The Band That Wasn’t There

The Replacements won’t come back on their own. So we bring them back ourselves. 

A few years ago, reunion tours of underground bands from indie rock’s formative era were all the rage. Now they’re the norm, which would lead you to believe that one of the last great holdouts, the Replacements, would return any day now. But anyone who knows anything about the Replacements knows the band was never interested in the norm. They weren’t keen on being all the rage, either.

“I remember the liner notes to Sorry Ma,” the Hold Steady’s Craig Finn says in Jim Walsh’s 2007 Replacements oral history All Over But the Shouting. “You know, ‘Could have been better if we tried harder.’ It was the first time, as a kid, I remember rock ’n’ roll that was self-deprecating.”

The Replacements introduced a big, sloppy, bleeding heart into a self-serious underground music scene that needed it desperately. They recorded some of the best pop music of the ’80s and played some of the worst live shows in history. They were revered for both, which is why questions about a return persist.

“I’m hesitant about dragging the name out there and what damage we could do to the legend,” frontman Paul Westerberg told Billboard following rumors that the band might reunite for the Coachella Music Festival in 2007. Bass player Tommy Stinson, who has since gone on to play in Guns N’ Roses, has been even more blunt in his assessment.

“Why would we do it?” he asked in an August interview with Rolling Stone. “The only reason we would ever do it would be to get paid. We’re not going to recapture anything.”

So what’s a fan to do when the members of his favorite band refuse to honor their own legacy? Honor it for them. That’s what filmmaker Gorman Bechard did in the documentary Color Me Obsessed—a film unlike any other rock doc—which will play at Northwest Film Forum during Heineken City Arts Fest.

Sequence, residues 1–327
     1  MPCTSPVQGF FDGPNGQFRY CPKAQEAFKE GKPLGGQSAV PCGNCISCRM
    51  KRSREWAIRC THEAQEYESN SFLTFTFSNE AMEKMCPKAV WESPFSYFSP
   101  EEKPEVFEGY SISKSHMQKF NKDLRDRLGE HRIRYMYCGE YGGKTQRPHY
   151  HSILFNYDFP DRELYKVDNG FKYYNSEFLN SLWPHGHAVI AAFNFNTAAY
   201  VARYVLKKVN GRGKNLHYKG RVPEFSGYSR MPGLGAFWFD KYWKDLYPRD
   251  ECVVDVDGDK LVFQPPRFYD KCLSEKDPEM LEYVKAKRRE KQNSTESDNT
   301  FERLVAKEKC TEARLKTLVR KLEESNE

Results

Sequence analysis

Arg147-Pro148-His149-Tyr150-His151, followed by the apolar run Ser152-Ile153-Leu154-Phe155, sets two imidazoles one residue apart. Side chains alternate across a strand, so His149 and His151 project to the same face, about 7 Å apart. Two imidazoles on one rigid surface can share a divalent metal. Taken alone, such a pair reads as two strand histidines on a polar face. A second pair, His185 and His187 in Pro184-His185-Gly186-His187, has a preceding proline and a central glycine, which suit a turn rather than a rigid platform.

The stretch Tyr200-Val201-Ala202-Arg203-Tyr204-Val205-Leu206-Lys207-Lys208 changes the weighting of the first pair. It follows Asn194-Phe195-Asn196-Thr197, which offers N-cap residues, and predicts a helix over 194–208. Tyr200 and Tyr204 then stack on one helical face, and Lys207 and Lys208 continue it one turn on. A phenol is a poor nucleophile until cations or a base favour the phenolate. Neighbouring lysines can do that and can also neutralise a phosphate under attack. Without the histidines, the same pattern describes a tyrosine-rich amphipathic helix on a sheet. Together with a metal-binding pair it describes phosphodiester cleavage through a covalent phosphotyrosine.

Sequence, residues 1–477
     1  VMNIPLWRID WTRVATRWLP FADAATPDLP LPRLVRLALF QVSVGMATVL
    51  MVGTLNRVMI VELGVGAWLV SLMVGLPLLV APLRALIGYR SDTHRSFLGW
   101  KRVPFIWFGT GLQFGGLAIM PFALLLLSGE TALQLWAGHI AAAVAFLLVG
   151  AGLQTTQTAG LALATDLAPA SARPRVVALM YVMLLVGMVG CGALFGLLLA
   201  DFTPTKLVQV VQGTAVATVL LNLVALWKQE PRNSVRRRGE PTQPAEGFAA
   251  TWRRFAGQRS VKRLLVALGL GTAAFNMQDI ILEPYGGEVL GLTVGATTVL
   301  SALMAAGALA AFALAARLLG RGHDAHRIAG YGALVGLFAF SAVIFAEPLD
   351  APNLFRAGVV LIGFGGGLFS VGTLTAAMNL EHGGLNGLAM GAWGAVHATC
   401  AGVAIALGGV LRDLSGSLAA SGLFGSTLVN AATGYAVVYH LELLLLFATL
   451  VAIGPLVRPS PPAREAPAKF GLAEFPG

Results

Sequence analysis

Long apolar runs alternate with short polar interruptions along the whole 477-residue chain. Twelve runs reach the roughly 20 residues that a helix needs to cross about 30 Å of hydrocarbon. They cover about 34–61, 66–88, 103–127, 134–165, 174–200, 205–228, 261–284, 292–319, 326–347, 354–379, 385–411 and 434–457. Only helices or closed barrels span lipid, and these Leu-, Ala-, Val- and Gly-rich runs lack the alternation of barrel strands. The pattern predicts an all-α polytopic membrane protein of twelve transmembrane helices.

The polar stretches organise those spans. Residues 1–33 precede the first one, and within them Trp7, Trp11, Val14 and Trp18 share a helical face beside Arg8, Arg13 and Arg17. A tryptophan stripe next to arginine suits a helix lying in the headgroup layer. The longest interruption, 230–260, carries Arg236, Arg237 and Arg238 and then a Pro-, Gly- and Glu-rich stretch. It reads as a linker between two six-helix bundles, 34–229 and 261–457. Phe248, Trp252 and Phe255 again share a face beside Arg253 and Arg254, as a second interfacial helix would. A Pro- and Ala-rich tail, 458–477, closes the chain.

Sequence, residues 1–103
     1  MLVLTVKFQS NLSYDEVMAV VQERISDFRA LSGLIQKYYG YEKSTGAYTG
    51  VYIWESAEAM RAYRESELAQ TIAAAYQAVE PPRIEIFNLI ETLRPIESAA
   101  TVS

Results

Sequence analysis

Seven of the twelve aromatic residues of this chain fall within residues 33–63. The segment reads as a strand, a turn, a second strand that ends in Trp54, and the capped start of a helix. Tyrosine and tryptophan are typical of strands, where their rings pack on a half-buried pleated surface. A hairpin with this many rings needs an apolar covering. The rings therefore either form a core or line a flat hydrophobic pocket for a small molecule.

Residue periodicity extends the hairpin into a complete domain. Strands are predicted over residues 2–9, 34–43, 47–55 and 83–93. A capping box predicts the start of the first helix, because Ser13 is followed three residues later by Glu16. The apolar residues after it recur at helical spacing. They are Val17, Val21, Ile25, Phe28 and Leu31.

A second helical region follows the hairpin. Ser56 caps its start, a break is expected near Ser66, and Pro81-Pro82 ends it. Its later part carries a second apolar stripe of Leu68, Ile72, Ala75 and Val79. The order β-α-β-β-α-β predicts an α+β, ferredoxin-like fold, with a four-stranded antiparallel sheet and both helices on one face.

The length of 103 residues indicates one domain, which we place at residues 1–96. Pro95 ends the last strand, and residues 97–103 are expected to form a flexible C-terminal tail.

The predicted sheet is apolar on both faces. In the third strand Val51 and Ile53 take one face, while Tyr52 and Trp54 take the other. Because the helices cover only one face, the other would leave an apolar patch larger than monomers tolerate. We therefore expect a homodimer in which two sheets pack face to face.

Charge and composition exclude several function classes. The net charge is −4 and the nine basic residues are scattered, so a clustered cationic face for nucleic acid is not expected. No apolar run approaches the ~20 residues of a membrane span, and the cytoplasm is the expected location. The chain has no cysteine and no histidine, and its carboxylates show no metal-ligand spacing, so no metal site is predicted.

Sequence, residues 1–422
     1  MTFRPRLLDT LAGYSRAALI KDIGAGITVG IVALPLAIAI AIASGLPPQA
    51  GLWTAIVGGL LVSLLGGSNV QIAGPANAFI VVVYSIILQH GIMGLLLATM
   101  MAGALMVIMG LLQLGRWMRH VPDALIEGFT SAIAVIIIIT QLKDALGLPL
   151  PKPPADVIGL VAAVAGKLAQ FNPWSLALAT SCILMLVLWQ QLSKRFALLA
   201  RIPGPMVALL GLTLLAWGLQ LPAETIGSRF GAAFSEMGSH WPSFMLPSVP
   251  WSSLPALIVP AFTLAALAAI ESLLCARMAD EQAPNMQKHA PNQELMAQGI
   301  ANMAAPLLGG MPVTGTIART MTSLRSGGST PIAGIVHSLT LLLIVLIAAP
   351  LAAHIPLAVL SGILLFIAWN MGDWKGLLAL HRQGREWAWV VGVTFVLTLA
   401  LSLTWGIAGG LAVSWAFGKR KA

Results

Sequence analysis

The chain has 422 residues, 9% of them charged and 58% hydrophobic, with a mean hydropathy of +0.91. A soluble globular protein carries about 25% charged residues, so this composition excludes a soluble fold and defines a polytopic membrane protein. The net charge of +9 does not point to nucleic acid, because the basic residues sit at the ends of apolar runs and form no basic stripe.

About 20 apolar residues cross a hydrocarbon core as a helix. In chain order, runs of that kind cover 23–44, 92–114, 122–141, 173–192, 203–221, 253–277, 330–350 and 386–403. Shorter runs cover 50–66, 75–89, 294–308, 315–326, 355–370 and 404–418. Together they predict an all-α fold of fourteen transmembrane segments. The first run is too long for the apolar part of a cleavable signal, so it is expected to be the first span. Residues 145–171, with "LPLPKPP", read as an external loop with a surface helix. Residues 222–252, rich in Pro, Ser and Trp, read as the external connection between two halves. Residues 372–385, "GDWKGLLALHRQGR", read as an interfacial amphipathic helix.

Staying true to his inspiration’s form, Bechard did something few filmmakers would dare: he made a movie about the Replacements that features no interviews with the band members, no music by the band and no photos of the band. This is a portrait painted with the words of Replacements fans, including famous ones like Finn and the Decemberists’ Colin Meloy alongside many more unknowns. Color Me Obsessed is a fascinating look at the power the Replacements wield over individual lives and the mythology that’s born from that power.

After listening to people talk about the Replacements’ music for an hour and a half, you will likely want to hear the music. Better yet, you’ll want to hear it live, in a bar, surrounded by drunk people singing along. The Replacements won’t give you the pleasure, but the band’s musician fans will. A number of them will take the stage at the Comet Tavern on Friday, Oct. 21, paying tribute to the Replacements by playing their songs live. Performers range from the old (51-year- old Fastback Kurt Bloch) to the young (19-year-old folk singer Ben Fisher), but every one has been inspired by the pounding sound of that big, bleeding heart and will do whatever they can to keep it beating.

Color Me Obsessed shows on Oct 21 and Oct 22 at the Northwest Film Forum